Create: Myth, Mealtimes, & Matinées

  • on June 13, 2022
  • Likes!



From creation myths to Frankenstein, croissants to cornflakes, through breakfast & dinner & matinées, and finishing with a short …

Article Categories:
DINNER

Comments

  • don't think Kelogs would have liked to know about sugary cereals, even worse the chocolate ones hehehehe : )

    Mangito June 13, 2022 3:43 am Reply
  • 11:45 "ArcLight" is the name of a chain of cinemas in the US, so this made me wonder if there was a theatrical connection here too. According to the Edison Tech Center of New York, carbon arc lamps were valued in early Hollywood film production for their intense light, which was good for filming interior scenes. They were even used as a light source to project those same films in theaters. But early arc lamps emitted carbon monoxide, extreme heat, and sparks, creating dangerous working conditions for actors. In theaters, they burned and electrocuted technicians and caused many fires.Yikes.

    Rene Flores June 13, 2022 3:43 am Reply
  • Whatever happened to the old Swiss doctor Bircher and his muesli? All things considered, that is by far the more wholesome food than cornflakes, since it also contains raisins, nuts, fresh apples and all kinds of other goodies, and yet still considered to be a breakfast "cereal".

    Thomas Vieth June 13, 2022 3:43 am Reply
  • Yes i always learn something new 😁😁have you done the etymology of “hungry” why do we feel hunger and not…hung? It’s more like anger and angry but we do have angst, just like we have thirst 🤨

    Aster Farwoods June 13, 2022 3:43 am Reply
  • French "dejeuner" means breakfast but obviously also has the same source as the word "dinner". I never realised that…!

    Hugo van Galen June 13, 2022 3:43 am Reply
  • In northern England we still use dinner to mean lunch.

    Nicholas Smith June 13, 2022 3:43 am Reply
  • Great video! Reminds me of that tv series 'Connections'.

    alltoohuman01 June 13, 2022 3:43 am Reply
  • I try to remember all the interesting origins of expressions you share just so that way when one day when someone goes "huh, I wonder why we call it the "limelight"," I can just whip out these etymological trivia facts at them.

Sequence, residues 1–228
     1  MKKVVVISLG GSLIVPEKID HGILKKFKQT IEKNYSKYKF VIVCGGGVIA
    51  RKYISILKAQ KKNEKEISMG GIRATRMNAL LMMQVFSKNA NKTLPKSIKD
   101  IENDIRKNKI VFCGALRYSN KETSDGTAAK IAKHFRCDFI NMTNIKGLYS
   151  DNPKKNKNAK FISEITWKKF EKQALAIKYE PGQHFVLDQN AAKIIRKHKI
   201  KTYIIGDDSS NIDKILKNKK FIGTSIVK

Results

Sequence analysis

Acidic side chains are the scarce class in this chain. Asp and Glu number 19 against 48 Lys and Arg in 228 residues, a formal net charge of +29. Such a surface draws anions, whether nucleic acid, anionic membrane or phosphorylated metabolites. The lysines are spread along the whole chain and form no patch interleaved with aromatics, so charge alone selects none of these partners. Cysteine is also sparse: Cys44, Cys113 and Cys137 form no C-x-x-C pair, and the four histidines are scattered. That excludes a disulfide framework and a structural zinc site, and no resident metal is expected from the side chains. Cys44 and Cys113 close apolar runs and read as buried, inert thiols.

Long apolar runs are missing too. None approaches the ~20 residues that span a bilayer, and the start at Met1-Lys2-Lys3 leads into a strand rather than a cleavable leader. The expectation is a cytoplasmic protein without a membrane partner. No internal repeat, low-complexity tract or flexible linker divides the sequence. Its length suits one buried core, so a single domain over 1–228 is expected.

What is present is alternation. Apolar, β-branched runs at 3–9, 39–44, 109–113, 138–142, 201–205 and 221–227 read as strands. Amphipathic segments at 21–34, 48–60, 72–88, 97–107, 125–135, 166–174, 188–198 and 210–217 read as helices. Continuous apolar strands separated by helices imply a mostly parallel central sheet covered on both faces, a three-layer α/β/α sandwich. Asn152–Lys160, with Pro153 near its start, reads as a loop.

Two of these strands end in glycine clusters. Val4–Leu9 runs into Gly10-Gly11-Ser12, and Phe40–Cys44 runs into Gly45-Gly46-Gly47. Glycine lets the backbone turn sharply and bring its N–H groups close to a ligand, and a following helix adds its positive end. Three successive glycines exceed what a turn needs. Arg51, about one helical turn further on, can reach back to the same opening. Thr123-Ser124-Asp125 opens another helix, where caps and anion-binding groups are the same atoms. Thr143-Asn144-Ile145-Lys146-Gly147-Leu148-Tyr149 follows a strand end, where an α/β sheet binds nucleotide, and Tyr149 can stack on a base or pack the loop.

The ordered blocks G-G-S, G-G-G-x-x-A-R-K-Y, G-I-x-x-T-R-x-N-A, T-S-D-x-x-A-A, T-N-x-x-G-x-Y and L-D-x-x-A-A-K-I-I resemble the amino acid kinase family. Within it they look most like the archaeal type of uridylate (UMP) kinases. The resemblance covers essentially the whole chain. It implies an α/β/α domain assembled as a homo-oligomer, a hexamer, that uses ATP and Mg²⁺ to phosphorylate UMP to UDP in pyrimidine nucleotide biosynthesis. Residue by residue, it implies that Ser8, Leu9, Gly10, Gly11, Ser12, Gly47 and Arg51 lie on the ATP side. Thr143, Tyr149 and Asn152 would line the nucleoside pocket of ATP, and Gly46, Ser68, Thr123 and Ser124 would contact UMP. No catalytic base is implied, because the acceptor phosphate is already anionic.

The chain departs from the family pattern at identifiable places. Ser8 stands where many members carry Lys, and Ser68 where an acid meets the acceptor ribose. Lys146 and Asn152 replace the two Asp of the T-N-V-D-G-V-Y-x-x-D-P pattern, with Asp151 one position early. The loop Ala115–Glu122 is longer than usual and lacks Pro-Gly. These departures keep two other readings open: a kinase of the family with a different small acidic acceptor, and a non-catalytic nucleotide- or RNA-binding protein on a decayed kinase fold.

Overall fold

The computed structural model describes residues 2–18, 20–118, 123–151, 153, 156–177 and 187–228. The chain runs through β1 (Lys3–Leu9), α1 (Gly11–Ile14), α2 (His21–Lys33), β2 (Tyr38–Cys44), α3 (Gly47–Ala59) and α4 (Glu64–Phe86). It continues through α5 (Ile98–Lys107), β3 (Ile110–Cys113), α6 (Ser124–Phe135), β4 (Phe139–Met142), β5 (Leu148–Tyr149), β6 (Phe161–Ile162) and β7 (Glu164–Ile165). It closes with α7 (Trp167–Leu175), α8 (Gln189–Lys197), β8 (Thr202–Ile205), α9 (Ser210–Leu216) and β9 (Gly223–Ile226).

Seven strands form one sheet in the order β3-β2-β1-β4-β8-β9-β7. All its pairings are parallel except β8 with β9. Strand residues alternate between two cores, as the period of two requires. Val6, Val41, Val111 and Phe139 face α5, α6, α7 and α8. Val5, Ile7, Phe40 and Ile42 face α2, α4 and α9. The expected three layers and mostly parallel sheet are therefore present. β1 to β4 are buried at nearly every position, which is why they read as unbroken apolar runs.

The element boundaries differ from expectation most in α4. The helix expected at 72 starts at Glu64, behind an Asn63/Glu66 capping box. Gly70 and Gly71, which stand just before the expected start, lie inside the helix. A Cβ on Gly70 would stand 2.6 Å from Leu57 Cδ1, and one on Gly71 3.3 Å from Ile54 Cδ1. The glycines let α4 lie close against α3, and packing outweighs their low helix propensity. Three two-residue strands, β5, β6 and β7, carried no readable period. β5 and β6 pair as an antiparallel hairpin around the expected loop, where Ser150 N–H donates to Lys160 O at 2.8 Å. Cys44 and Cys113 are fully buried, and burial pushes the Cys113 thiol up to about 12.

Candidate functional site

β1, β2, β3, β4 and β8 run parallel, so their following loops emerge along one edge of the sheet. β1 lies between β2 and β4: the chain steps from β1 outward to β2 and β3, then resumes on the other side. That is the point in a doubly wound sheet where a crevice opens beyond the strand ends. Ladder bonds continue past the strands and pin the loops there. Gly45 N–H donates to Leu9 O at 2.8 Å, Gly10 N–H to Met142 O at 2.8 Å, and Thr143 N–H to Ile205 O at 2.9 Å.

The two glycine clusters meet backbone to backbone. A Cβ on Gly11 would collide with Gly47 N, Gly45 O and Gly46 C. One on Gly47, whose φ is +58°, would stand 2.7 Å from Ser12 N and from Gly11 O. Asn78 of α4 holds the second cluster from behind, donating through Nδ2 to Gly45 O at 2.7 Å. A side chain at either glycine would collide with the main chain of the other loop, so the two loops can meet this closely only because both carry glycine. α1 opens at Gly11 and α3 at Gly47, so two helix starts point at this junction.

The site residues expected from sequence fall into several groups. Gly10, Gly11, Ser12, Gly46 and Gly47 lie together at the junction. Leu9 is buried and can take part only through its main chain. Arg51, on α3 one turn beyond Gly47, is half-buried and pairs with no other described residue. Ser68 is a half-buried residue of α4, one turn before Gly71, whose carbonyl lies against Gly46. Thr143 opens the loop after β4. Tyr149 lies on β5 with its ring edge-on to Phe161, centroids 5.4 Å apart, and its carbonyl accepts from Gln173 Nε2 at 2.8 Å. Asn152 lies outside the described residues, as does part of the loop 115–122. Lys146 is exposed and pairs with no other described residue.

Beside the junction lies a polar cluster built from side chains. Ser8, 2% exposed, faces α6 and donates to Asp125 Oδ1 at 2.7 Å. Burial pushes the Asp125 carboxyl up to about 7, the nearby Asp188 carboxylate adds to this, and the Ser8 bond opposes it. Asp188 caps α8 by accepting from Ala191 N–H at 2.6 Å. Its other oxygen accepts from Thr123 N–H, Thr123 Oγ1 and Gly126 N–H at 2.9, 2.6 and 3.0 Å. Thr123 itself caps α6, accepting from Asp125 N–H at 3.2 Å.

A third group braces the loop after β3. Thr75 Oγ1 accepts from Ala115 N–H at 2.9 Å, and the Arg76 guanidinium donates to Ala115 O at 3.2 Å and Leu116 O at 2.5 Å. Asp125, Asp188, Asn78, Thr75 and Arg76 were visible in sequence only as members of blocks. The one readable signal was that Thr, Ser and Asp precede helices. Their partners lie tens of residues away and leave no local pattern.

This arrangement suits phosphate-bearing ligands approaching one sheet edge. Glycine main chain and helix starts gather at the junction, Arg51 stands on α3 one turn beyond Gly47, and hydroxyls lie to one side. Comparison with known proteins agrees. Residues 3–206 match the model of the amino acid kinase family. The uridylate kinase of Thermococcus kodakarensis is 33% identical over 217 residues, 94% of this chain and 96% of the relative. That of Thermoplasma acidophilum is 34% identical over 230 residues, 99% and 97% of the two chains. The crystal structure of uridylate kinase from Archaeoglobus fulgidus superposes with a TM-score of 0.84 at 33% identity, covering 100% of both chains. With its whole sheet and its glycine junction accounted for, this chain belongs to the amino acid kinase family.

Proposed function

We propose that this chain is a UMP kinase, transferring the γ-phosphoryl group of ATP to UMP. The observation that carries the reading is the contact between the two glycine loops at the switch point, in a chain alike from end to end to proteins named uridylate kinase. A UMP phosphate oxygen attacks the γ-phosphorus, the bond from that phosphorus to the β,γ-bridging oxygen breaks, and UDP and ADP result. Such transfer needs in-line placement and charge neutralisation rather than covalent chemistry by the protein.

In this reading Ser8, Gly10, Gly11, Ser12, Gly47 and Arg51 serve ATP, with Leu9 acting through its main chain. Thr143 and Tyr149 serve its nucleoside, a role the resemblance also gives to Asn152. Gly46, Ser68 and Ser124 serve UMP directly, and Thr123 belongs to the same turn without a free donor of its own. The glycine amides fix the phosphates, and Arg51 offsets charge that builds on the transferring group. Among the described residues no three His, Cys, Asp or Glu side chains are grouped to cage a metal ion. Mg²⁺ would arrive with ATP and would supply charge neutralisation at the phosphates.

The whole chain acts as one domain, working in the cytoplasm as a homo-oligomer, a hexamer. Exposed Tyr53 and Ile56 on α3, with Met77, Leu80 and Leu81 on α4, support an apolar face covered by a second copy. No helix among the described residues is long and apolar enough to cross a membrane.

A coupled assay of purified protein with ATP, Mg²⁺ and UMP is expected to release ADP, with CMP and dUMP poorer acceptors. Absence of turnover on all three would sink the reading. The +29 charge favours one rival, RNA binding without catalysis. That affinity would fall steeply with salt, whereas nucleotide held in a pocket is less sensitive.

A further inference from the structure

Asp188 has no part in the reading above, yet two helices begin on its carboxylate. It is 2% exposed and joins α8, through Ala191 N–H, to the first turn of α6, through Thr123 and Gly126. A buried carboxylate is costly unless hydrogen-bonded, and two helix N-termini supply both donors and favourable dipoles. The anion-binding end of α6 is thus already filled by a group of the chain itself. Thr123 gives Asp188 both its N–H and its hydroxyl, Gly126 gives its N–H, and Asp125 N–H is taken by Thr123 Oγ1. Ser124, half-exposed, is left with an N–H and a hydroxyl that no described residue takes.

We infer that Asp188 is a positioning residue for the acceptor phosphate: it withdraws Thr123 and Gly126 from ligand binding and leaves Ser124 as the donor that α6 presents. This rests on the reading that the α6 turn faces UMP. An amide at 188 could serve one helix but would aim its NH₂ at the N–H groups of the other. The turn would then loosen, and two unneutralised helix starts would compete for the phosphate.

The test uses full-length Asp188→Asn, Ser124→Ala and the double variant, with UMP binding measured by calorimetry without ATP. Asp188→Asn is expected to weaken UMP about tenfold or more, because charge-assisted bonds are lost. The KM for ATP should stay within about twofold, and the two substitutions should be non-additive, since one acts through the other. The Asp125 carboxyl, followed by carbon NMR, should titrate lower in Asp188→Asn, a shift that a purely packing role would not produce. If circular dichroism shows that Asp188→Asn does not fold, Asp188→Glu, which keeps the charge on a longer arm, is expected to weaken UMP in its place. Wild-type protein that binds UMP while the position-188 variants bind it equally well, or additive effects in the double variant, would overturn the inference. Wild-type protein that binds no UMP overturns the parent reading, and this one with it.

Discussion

Mary Gebbie June 13, 2022 3:43 am Reply
  • I know I'm late to the party, but fascinating as always.
    You always learn new things from these videos. 🙂
    Also, I have to commend you on how you attribute the images you use at the end of every video and in the show notes. You're doing it right! Keep up the great work!

    Hattmannen Nilsson June 13, 2022 3:43 am Reply
  • Bekfast!

    The7th June 13, 2022 3:43 am Reply
  • This was a fascinating video. I love how interconnected things are. This allows us to see that no idea is entirely original, but owes something to the past. Thanks for creating this!

    Kyle Marshall June 13, 2022 3:43 am Reply
  • the word for poetry comes from the Greek word for create

    John Adam Robert Hughes June 13, 2022 3:43 am Reply
  • Brilliant video! Such interesting connections 😀

    Cogito June 13, 2022 3:43 am Reply
  • 11:56 "as it turns eut" Canadian detected xD
    Thanks for another great video!

    Glifosfato June 13, 2022 3:43 am Reply
  • hell yea

    KRAKATIK June 13, 2022 3:43 am Reply
  • light bulbs are NOT vacuum!
    they are filled with inert gas. in vacuum the filament evaporates rapidly and thus the vacuum bulbs design was scrapped in no time.

    Silly Sad June 13, 2022 3:43 am Reply
  • 'lime light"…. love it.

    ron johnson June 13, 2022 3:43 am Reply
  • I had to look up the lunar phases, if the crescent moon was still called a crescent after the full moon, since that phase is not exactly growing anymore. Turns out that phase is called the Waning Crescent and the other phase (before the full moon) is called the Waxing Crescent. So is waxing another word for growing? Wiktionary isn't very helpful here: https://en.wiktionary.org/wiki/waxing

    Willem van de Beek June 13, 2022 3:43 am Reply
  • Wow. This channel needs more exposure. This is awesome content.

    Stilllife1999 June 13, 2022 3:43 am Reply
  • Crescere is the inchoative form. It means "to grow continuously" or "to keep growing."

    weehawk June 13, 2022 3:43 am Reply

Leave a Reply

Your email address will not be published.